MELBOURNE (Reuters) - Australia can still challenge the All Blacks this season despite the nation’s abysmal record against New Zealand teams in Super Rugby, Wallabies coach Michael Cheika has said.
The five Australian sides have lost all 17 Super Rugby matches against their New Zealand counterparts and chances to break the drought are fast running out.
“I can understand why people might think it’s all doom and gloom -- a hundred per cent,” Cheika said in comments published by The Australian newspaper on Wednesday.
”But it’s not from my perspective.
”I know the Super Rugby form from our teams hasn’t been brilliant. No one can argue with that, but there’s been some good performances.
“We’ve been watching players individually in detail, not just the established guys but the new ones too, and there’s plenty to like.”
Cheika led the New South Wales Waratahs to the Super Rugby title in 2014 but it has been downhill for the Australian conference since, as New Zealand has gone from strength to strength.
Australia’s teams managed only three wins against New Zealand opponents in Super Rugby last year, which preceded the Wallabies’ 3-0 thrashing by the All Blacks in the annual Bledisloe Cup series.
New Zealand’s dominance has raised grave concerns about the state of the game in Australia, where Super Rugby coaches have backed calls for a national conclave to help halt the slump at provincial level.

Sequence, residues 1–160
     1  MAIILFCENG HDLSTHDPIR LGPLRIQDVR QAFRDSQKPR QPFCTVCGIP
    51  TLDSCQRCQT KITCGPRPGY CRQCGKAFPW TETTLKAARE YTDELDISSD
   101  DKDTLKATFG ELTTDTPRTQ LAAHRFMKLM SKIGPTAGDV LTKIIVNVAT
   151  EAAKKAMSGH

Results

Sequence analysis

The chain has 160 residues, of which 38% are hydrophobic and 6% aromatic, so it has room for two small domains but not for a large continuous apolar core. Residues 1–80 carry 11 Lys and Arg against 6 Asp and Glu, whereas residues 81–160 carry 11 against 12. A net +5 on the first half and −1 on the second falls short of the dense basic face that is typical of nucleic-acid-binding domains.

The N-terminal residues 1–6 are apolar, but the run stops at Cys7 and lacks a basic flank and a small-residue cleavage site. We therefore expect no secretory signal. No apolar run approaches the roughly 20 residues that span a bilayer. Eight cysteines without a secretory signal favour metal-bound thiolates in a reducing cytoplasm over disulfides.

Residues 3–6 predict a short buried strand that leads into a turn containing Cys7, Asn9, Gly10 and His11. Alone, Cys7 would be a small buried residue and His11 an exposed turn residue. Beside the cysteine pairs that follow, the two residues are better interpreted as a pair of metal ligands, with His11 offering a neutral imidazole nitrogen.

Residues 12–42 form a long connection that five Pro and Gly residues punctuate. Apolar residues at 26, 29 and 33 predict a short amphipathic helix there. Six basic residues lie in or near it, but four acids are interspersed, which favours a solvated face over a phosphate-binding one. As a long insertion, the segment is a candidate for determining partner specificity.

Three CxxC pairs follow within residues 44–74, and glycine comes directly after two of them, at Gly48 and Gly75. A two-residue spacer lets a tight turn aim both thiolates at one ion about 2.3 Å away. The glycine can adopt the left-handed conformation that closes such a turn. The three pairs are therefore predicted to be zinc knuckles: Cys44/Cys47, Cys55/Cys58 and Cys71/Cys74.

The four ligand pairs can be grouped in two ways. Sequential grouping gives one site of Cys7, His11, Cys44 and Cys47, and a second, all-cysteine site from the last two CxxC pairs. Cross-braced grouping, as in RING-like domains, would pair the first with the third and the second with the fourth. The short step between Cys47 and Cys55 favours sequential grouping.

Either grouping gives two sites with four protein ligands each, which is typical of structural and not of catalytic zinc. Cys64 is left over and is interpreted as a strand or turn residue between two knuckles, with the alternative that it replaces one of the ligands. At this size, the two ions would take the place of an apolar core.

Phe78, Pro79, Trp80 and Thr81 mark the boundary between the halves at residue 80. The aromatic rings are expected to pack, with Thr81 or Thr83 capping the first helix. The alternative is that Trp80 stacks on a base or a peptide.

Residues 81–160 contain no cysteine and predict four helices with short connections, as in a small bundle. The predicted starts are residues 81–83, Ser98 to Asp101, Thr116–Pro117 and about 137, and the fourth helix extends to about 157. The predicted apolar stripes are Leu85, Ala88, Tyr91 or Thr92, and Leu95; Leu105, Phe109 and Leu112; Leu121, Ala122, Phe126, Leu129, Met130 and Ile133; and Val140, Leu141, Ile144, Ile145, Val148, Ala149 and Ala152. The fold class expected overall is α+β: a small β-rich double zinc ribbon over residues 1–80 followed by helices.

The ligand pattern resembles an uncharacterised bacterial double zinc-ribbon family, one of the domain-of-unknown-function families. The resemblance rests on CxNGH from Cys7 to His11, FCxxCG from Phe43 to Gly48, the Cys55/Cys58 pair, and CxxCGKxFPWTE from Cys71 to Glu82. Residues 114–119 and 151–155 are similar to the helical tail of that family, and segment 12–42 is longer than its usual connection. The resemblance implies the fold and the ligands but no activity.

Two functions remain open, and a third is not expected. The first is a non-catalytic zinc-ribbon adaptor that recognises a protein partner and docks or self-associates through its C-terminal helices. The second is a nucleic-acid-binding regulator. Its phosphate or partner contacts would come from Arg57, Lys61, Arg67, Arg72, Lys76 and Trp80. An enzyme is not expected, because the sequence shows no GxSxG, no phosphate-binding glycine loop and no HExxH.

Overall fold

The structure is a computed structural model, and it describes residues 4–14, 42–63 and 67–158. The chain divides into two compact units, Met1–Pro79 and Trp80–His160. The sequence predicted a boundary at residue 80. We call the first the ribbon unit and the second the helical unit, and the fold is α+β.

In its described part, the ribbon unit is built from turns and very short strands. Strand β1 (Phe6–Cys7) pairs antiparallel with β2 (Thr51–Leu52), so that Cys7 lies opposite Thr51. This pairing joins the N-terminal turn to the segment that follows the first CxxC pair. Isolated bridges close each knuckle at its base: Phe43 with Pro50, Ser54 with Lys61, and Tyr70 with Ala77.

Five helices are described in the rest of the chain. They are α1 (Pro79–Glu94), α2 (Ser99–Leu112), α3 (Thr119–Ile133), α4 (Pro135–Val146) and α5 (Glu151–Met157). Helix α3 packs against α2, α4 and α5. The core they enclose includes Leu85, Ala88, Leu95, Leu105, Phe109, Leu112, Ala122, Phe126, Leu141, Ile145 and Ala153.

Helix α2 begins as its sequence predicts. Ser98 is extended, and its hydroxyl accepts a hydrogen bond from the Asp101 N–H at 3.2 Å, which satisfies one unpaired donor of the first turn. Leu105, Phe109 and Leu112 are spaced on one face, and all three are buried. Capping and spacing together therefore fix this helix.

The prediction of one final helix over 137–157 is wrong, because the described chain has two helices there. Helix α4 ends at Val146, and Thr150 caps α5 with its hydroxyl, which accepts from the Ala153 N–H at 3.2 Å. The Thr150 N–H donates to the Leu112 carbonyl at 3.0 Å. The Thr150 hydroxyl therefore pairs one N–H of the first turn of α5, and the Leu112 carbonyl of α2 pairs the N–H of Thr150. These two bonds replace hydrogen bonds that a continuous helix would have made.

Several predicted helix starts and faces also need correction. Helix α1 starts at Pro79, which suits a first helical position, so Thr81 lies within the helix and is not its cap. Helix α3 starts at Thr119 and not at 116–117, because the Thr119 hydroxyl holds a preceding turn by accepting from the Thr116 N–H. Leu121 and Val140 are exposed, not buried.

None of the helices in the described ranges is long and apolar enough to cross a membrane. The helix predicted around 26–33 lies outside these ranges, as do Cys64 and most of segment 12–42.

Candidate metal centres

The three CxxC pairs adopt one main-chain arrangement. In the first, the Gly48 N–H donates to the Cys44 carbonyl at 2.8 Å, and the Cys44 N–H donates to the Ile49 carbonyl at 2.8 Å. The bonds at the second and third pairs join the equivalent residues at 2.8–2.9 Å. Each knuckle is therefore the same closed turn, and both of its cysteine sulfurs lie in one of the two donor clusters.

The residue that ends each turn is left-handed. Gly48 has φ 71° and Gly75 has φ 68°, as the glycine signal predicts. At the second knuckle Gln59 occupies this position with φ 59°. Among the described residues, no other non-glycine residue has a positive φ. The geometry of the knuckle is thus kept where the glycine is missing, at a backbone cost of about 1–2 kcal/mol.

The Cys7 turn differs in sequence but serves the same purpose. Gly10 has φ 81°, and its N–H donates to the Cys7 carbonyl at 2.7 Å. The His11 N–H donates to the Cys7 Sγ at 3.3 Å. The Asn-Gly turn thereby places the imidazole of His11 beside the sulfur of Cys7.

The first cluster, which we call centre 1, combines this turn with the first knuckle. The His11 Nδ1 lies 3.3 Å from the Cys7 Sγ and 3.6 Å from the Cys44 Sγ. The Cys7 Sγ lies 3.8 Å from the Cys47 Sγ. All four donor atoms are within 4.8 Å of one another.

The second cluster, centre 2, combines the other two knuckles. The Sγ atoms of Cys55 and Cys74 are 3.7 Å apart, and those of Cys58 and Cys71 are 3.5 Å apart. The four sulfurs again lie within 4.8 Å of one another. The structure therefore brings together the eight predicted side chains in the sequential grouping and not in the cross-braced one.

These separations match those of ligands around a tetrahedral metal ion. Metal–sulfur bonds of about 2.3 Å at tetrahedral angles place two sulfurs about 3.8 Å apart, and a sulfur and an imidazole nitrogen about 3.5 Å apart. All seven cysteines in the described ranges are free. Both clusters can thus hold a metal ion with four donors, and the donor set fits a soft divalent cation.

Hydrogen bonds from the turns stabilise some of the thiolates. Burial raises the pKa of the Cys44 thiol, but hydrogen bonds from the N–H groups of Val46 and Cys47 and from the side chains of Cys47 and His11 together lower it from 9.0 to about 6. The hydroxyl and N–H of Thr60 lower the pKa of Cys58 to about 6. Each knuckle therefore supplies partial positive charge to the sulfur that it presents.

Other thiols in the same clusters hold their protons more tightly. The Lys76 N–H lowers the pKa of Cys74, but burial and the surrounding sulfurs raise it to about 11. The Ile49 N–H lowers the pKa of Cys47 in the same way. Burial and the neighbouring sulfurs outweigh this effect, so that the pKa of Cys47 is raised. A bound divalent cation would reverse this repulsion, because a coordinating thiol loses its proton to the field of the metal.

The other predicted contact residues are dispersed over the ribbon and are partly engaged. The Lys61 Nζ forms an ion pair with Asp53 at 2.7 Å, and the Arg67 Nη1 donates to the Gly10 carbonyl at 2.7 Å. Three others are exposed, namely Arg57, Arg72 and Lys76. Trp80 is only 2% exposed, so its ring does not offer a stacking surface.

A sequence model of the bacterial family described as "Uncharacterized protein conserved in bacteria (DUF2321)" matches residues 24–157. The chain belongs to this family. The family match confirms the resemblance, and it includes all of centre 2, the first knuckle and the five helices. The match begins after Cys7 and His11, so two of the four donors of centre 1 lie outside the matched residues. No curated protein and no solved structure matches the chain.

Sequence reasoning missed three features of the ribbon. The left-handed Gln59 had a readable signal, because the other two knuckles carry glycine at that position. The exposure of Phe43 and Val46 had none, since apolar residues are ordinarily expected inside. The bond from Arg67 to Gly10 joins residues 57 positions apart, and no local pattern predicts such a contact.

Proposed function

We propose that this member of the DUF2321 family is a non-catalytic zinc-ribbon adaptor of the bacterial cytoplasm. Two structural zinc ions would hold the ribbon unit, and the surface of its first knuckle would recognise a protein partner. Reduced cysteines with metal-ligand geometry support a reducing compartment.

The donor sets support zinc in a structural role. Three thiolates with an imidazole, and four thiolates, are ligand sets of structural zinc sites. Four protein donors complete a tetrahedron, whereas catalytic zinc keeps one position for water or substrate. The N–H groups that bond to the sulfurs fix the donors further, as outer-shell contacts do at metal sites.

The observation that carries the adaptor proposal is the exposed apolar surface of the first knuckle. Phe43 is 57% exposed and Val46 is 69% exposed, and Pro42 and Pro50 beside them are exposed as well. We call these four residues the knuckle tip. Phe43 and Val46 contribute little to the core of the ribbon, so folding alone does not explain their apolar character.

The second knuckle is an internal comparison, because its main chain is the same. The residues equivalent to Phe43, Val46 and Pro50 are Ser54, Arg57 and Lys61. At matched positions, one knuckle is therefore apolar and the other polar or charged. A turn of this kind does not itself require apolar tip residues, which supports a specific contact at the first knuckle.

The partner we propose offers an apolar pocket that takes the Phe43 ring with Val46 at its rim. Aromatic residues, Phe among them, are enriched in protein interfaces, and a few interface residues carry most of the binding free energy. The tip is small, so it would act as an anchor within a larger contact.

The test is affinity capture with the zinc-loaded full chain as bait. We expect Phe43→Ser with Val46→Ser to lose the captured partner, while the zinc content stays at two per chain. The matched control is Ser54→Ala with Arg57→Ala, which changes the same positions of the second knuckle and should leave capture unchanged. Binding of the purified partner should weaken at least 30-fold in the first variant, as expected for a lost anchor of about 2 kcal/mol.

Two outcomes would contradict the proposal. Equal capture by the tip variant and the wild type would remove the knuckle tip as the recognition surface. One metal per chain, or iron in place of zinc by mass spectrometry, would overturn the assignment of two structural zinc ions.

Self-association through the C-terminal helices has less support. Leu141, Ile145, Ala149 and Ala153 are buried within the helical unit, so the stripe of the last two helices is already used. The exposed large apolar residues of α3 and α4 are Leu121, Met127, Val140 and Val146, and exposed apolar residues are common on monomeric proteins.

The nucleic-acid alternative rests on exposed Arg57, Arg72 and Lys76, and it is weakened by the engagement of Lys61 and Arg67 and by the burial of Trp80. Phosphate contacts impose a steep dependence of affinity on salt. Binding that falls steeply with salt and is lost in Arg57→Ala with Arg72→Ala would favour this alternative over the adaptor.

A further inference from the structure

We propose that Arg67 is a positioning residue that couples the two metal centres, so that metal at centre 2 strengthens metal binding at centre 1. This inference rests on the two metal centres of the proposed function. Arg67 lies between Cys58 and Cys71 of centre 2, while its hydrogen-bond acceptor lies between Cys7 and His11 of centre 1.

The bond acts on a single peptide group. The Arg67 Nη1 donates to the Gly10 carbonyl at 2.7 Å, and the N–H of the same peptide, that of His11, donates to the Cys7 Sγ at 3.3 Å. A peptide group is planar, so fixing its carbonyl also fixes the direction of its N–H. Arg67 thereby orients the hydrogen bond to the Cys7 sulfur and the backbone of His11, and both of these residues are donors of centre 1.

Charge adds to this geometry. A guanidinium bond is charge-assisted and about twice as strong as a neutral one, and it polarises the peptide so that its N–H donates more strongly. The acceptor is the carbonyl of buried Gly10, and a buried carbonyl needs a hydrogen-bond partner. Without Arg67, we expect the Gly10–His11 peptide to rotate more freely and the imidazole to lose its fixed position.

The Wallabies were whitewashed 3-0 by Eddie Jones’s England in last year’s June internationals but face more modest opponents next month in Fiji, Scotland and Italy.
Cheika said he would use the matches to bed down a new generation of players that would carry through to the 2019 World Cup in Japan.
“We started this last year and copped a bit of grief with our mixed results, about 50 per cent (winning record), but with the experience they’ve gained and a little bit of hardship, I think they’ll be better,” he said.
“I know people will say ‘yeah, yeah, yeah’, but we’ve got a good bunch of young guys in this (World Cup) cycle. Now it’s all about creating that competition and putting the squeeze on the older, established guys.”
Cheika conceded there was a lot of work to be done before the Wallabies face the All Blacks in their Bledisloe Cup opener in Sydney on Aug. 19, also the teams’ first match of the southern hemisphere’s Rugby Championship tournament.
“We have to change a few things, change attitudes and mindsets, but I still believe strongly in the guys we’ve got.”
Reporting by Ian Ransom; Editing by Greg Stutchbury